There’s a reason this is called Crapcha.
Comments are blogger gold, we’re told. It’s good to engage readers in dialogue. Dialogue fosters community and communities visit blogs more often than casual readers.
So, I have to ask, why do so many bloggers do things that make commenting and engaging in dialogue difficult and frustrating? One answer to why bloggers fail to engage readers is simple:
Bloggers fail to build audience when they make it difficult for readers to comment. Since I belong to several groups of bloggers who support each other by commenting on one another’s blogs, I’ve gotten to see all the many ways bloggers fail to engage their readers. Here are three ways bloggers can actually BLOCK dialogue.
Complex Anti-Spam Captchas
Yes, I know spam sucks. But those long rows of tiny grey number combinations that some anti-spam Captcha systems use are almost impossible to get right on the first try.
Even the shorter Captcha numbers are hard to read: more often than not I’ve got to get so close to the screen I bump my nose.
Arithmetic Captchas crack me up, especially when I type in the wrong answer. They crack me up the first time. Then, I’m gone.
Captcha can be frustrating, so frustrating that readers abandon their comment. I know this because I’ve abandoned my own comments after taking time to think and write. Captcha rebuffs me.
And here are some of the worst Captchas:
I dare you to read this.
Why would bloggers who want to encourage comments use Captcha, when there are easier alternatives?
I use Akismet, which prevents 99.99% of spam from reaching my comments section. So simple. And transparent to commenters. And I love commenters.
Other bloggers use tick boxes: check this box to prove you are not a spammer. While I think any extra keystroke required of commenters can be prohibitive, the tick box is certainly better than the Captchas I see on too many blogs.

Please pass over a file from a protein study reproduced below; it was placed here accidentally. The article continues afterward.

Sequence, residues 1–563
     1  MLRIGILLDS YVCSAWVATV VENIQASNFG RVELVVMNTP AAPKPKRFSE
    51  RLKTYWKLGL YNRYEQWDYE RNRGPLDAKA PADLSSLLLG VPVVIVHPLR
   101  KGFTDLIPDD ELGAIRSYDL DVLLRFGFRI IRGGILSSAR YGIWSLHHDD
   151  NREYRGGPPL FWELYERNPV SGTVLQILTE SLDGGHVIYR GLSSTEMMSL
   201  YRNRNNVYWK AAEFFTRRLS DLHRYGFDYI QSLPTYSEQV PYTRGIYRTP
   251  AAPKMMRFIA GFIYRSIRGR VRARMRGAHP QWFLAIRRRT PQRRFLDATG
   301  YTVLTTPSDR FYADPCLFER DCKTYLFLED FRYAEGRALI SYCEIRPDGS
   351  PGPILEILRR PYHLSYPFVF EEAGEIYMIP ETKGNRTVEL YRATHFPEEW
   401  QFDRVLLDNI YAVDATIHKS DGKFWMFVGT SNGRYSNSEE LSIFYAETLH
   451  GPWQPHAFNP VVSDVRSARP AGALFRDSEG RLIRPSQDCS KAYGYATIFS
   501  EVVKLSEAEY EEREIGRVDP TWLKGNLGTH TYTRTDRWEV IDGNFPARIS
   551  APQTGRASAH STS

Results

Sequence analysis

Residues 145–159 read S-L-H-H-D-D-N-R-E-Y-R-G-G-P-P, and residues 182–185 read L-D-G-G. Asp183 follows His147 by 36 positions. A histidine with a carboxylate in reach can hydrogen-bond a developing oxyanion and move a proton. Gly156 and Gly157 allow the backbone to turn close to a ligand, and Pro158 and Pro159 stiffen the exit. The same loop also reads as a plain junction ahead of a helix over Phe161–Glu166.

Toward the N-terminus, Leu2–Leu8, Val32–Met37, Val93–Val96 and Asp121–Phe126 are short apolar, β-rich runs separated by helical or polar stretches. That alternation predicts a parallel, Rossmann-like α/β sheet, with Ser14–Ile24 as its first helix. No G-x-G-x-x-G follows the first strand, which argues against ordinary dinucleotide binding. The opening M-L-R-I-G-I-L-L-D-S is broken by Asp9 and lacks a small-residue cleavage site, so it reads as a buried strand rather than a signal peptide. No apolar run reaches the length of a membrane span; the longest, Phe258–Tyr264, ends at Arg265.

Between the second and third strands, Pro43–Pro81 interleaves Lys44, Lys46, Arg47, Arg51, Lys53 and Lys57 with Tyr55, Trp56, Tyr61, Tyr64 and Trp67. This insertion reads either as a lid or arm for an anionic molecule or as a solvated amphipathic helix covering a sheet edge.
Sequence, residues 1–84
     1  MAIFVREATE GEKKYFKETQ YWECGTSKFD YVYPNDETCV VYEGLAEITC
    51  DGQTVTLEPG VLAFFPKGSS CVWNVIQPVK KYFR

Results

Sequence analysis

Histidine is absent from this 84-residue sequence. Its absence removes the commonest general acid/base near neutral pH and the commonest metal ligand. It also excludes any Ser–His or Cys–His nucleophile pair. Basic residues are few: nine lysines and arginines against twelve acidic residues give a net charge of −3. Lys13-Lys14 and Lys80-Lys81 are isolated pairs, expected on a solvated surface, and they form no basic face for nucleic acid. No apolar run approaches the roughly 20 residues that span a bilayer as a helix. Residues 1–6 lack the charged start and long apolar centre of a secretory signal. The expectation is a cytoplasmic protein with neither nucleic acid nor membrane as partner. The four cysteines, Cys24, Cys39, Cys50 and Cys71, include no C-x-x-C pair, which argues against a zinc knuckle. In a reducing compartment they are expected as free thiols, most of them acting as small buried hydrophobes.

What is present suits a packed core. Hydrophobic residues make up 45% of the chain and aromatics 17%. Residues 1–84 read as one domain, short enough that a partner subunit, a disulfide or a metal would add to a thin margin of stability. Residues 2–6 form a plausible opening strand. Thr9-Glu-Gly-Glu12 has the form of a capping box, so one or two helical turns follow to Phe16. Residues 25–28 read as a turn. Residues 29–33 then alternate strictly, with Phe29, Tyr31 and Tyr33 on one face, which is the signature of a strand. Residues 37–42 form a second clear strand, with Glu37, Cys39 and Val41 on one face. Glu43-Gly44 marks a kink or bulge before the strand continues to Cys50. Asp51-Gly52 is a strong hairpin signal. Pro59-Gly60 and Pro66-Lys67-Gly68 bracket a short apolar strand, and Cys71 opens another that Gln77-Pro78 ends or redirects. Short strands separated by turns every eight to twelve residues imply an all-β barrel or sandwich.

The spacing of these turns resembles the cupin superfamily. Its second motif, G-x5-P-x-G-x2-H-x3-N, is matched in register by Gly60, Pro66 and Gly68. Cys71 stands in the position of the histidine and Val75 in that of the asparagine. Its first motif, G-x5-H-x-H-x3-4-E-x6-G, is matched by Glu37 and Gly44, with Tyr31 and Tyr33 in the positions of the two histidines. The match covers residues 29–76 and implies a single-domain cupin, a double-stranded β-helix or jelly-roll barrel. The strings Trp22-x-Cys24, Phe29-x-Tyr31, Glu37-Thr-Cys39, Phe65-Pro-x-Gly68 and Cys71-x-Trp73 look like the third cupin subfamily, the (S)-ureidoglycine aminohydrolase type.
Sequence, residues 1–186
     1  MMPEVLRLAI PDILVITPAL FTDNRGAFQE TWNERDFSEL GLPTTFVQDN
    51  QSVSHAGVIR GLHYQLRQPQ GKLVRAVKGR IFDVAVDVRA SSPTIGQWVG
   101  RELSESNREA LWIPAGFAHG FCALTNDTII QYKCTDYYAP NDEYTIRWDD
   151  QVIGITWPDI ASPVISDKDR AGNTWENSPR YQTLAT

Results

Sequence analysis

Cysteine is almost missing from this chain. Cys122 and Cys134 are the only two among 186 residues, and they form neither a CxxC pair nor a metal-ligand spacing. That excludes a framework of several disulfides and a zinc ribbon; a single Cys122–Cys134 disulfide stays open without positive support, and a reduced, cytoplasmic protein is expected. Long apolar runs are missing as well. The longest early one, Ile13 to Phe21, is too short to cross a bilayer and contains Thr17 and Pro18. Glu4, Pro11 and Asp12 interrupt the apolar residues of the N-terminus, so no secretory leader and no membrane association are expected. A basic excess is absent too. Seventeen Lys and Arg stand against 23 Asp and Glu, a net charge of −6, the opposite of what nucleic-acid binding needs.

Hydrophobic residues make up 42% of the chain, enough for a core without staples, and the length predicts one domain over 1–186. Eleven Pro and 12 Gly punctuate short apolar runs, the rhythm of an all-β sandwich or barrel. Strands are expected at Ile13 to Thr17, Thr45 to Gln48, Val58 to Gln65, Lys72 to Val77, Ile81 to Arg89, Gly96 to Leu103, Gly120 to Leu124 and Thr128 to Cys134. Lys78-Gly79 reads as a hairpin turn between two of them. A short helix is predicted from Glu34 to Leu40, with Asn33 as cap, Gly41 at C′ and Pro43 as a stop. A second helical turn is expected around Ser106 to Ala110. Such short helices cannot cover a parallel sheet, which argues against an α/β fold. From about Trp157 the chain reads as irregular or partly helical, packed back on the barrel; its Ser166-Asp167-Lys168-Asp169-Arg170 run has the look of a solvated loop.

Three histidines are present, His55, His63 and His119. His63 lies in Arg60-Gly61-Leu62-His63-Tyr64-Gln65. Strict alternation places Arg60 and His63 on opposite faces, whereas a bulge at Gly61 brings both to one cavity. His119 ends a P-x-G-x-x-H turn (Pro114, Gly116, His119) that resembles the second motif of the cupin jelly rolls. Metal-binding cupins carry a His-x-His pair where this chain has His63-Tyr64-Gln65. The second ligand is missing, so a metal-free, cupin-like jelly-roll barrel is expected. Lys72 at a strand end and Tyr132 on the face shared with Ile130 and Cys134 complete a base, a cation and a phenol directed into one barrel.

The message “You have not been on the blog for long enough.”
This is so annoying. I read dozens of blogs a day and try to comment on most of them. The reason I can? I’ve been a speed reader since junior high. I don’t want to sit on a blog forever, even though I know its numbers are better if I stay longer. But my time is valuable and I don’t want to spend it waiting until the allotted time is up. I feel manipulated into being just a statistic on your site.
At first I’d just leave the blog up while I did other things and come back later, after enough time had elapsed. But now I just don’t comment. At all.
The message “Your comment is too short. Go back and write a longer one.”
Seriously? Are you kidding? Less can be more when comments are concerned. Sometimes I just want to say something like “You go, girl!” I don’t want to write chapter and verse. Oh, I know the purpose is to keep me on your blog. But what it does is keep me OFF it. So here’s my hypothetical: do you want five long comments when you could have 10 shorter ones?
I love you, I do. I love reading your blogs. But I don’t want to spend my time figuring out your Captcha.
I don’t want to feel manipulated, like just another number in your blog statistics. Even if I am. Allow me my delusion. And save me some time.
So–come on over and comment on my blog any time, Captcha-free. Stay a minute or five minutes, your choice. You’re welcome to leave a one-word comment or a 500-word comment. I just like to see your name in comments.
And I really, really like the dialogue that goes on in comments, the kind that brings context and color to subjects like depression or violence. I appreciate hearing your responses and your views. It’s one of the biggest reasons I blog every single day.